President Joe Biden signed on Saturday the bill that suspends the government’s debt limit through Jan. 1, 2025, averting a first-ever default by the U.S.
In exchange for the debt ceiling suspension, the legislation agrees to cap non-defense discretionary spending, claws back some planned expenditures, expands work requirements for some federal assistance programs, changes environental review processes, and ends the suspension of federal student loan payments, the White House said.
Even though the U.S. government suspended the debt ceiling before the government ran out of money, which was expected to occur on Monday, Fitch Ratings said on Friday it’s keeping the U.S.’s “AAA” rating on Rating Watch Negative “until we consider the full implications of the most recent brinkmanship episode and the outlook for medium-term fiscal and debt trajectories.”
The ratings company, one of the world’s three biggest on sovereign debt, said the political standoffs around the debt limit and last-minute suspensions before the Treasury’s estimated default date “lowers confidence in governance on fiscal and debt matters.”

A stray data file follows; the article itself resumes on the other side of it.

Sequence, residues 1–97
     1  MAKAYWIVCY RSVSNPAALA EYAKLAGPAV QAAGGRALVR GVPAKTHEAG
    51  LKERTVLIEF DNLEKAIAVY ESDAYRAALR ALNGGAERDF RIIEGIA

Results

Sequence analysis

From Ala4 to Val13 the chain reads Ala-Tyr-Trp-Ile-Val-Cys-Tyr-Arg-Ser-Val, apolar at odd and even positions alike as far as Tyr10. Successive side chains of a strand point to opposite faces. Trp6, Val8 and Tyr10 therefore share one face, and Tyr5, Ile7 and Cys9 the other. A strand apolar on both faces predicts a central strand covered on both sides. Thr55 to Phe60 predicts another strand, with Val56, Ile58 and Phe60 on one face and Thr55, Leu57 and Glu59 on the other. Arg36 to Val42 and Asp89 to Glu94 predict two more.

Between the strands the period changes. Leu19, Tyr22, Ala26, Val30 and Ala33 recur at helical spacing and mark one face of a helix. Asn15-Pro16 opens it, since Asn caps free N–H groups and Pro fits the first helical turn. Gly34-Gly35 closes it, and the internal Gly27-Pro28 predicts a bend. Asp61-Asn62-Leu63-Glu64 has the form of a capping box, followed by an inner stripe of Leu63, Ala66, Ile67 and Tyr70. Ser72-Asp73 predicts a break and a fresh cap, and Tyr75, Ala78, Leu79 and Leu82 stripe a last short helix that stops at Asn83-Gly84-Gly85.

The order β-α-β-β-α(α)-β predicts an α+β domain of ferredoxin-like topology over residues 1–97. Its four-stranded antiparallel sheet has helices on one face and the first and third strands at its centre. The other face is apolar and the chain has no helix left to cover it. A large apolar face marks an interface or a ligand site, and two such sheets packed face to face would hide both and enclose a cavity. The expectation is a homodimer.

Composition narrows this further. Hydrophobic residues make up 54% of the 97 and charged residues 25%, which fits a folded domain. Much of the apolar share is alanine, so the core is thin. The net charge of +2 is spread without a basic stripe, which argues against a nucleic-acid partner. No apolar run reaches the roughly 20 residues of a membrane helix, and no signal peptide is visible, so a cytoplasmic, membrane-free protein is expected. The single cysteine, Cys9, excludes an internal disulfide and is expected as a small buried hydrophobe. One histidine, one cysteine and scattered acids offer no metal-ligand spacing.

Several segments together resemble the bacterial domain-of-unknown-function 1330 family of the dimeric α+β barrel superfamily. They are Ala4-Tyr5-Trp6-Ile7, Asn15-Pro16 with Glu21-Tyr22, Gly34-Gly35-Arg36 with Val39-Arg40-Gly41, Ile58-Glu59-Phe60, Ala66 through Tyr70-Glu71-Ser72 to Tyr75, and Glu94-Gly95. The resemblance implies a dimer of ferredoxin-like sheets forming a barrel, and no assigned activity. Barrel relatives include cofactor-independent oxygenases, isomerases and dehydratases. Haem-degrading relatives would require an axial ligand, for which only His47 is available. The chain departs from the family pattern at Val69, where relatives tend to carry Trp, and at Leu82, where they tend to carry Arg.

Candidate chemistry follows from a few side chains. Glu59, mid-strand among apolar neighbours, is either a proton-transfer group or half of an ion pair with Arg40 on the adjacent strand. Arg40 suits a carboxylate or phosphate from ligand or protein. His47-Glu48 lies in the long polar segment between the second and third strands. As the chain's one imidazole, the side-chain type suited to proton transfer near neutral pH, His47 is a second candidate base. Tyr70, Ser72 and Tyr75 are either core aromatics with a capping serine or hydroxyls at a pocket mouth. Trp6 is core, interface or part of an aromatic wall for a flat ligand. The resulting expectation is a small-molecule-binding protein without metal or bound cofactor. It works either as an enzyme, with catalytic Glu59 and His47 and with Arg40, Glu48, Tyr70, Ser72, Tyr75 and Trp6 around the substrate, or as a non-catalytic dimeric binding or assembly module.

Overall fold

If Fitch decides to lower its rating on U.S.’s credit rating, that could lead to higher borrowing costs for the world’s largest economy. On May 24, Fitch put the U.S. on watch negative, putting the country U.S. in danger of losing its top-rated status because increased political partnership was hindering reaching a resolution on the debt limit.
In 2011, S&P lowered the U.S.’s rating to “AA+” from “AAA”, its top ranking due to political wrangling over the debt ceiling. The company has not lifted the U.S. sovereign credit rating since then.
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